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The history of logic deals with the study of the development of the science of valid inference. Formal logics developed in ancient times in China, India, Greek methods, particularly Aristotelian logic as found in the Organon, found wide application and acceptance in Western science and mathematics for millennia. The Stoics, especially Chrysippus, began the development of predicate logic, christian and Islamic philosophers such as Boethius and William of Ockham further developed Aristotles logic in the Middle Ages, reaching a high point in the mid-fourteenth century. The period between the fourteenth century and the beginning of the century saw largely decline and neglect. Empirical methods ruled the day, as evidenced by Sir Francis Bacons Novum Organon of 1620, valid reasoning has been employed in all periods of human history. However, logic studies the principles of reasoning, inference. It is probable that the idea of demonstrating a conclusion first arose in connection with geometry, the ancient Egyptians discovered geometry, including the formula for the volume of a truncated pyramid. Ancient Babylon was also skilled in mathematics, while the ancient Egyptians empirically discovered some truths of geometry, the great achievement of the ancient Greeks was to replace empirical methods by demonstrative proof. Both Thales and Pythagoras of the Pre-Socratic philosophers seem aware of geometrys methods, fragments of early proofs are preserved in the works of Plato and Aristotle, and the idea of a deductive system was probably known in the Pythagorean school and the Platonic Academy. The proofs of Euclid of Alexandria are a paradigm of Greek geometry, the three basic principles of geometry are as follows, Certain propositions must be accepted as true without demonstration, such a proposition is known as an axiom of geometry. Every proposition that is not an axiom of geometry must be demonstrated as following from the axioms of geometry, the proof must be formal, that is, the derivation of the proposition must be independent of the particular subject matter in question. Further evidence that early Greek thinkers were concerned with the principles of reasoning is found in the fragment called dissoi logoi and this is part of a protracted debate about truth and falsity. Thales was said to have had a sacrifice in celebration of discovering Thales Theorem just as Pythagoras had the Pythagorean Theorem, Indian and Babylonian mathematicians knew his theorem for special cases before he proved it. It is believed that Thales learned that an angle inscribed in a semicircle is a right angle during his travels to Babylon, before 520 BC, on one of his visits to Egypt or Greece, Pythagoras might have met the c.54 years older Thales. The systematic study of proof seems to have begun with the school of Pythagoras in the sixth century BC. Indeed, the Pythagoreans, believing all was number, are the first philosophers to emphasize rather than matter. He is known for his obscure sayings and this logos holds always but humans always prove unable to understand it, both before hearing it and when they have first heard it. But other people fail to notice what they do when awake, in contrast to Heraclitus, Parmenides held that all is one and nothing changes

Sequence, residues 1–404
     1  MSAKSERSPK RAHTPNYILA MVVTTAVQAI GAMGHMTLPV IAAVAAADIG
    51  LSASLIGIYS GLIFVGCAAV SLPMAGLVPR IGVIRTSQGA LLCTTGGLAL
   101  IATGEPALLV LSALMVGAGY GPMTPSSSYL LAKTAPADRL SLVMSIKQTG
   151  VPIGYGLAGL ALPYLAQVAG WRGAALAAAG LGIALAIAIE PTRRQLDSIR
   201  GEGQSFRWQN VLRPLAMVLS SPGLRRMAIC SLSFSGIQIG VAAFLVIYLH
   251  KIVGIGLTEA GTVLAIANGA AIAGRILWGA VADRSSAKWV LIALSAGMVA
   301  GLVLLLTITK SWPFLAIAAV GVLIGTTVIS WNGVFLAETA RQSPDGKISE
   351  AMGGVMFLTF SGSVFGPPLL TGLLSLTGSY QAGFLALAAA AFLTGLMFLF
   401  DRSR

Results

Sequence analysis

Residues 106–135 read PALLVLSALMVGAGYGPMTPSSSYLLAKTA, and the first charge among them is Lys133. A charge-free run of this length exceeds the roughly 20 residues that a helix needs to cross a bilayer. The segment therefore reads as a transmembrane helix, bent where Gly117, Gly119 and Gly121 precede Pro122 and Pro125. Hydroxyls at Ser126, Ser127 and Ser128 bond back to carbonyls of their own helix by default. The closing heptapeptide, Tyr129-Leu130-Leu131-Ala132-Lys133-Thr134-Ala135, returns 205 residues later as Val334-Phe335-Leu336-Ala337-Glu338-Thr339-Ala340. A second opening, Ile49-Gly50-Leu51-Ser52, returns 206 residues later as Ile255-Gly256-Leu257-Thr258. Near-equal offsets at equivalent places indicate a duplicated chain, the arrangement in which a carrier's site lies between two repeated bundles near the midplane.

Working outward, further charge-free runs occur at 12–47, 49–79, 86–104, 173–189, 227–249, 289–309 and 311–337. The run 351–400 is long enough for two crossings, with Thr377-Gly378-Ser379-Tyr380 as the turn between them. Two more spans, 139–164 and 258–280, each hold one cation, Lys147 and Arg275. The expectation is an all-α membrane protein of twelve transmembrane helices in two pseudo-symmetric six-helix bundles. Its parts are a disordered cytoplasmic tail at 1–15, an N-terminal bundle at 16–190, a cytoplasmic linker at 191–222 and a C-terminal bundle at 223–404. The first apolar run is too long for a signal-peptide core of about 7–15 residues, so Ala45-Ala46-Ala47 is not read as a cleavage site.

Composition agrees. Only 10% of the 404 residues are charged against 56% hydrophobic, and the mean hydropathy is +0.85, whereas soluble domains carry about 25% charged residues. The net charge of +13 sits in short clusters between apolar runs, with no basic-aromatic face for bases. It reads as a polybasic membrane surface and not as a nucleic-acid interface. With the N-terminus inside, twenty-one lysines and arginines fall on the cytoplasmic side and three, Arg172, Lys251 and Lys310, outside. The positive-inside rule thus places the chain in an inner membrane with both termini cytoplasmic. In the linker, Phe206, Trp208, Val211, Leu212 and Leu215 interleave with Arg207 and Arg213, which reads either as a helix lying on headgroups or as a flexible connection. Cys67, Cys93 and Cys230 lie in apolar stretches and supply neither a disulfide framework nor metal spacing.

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Metamathematics
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Metamathematics is the study of mathematics itself using mathematical methods. This study produces metatheories, which are mathematical theories about other mathematical theories, emphasis on metamathematics owes itself to David Hilberts attempt to secure the foundations of mathematics in the early part of the 20th Century. Metamathematics provides a mathematical technique for investigating a great variety of foundation problems for mathematics. An important feature of metamathematics is its emphasis on differentiating between reasoning from inside a system and from outside a system, an informal illustration of this is categorizing the proposition 2+2=4 as belonging to mathematics while categorizing the proposition 2+2=4 is valid as belonging to metamathematics. Something similar can be said around the well-known Russells paradox, Metamathematics was intimately connected to mathematical logic, so that the early histories of the two fields, during the late 19th and early 20th centuries, largely overlap. More recently, mathematical logic has often included the study of new pure mathematics, such as set theory, recursion theory and pure model theory, serious metamathematical reflection began with the work of Gottlob Frege, especially his Begriffsschrift. David Hilbert was the first to invoke the term metamathematics with regularity, in his hands, it meant something akin to contemporary proof theory, in which finitary methods are used to study various axiomatized mathematical theorems. Today, metalogic and metamathematics are largely synonymous with each other, the discovery of hyperbolic geometry had important philosophical consequences for Metamathematics. Before its discovery there was just one geometry and mathematics, the idea that another geometry existed was considered improbable, the uproar of the Boeotians came and went, and gave an impetus to metamathematics and great improvements in mathematical rigour, analytical philosophy and logic. Begriffsschrift is a book on logic by Gottlob Frege, published in 1879, Begriffsschrift is usually translated as concept writing or concept notation, the full title of the book identifies it as a formula language, modeled on that of arithmetic, of pure thought. Freges motivation for developing his formal approach to logic resembled Leibnizs motivation for his calculus ratiocinator, Frege went on to employ his logical calculus in his research on the foundations of mathematics, carried out over the next quarter century. As such, this project is of great importance in the history of mathematics and philosophy. One of the inspirations and motivations for PM was the earlier work of Gottlob Frege on logic. PM sought to avoid this problem by ruling out the creation of arbitrary sets. This was achieved by replacing the notion of a set with notion of a hierarchy of sets of different types. Contemporary mathematics, however, avoids paradoxes such as Russells in less unwieldy ways, gödels completeness theorem is a fundamental theorem in mathematical logic that establishes a correspondence between semantic truth and syntactic provability in first-order logic. It makes a link between model theory that deals with what is true in different models, and proof theory that studies what can be formally proven in particular formal systems. More formally, the theorem says that if a formula is logically valid then there is a finite deduction of the formula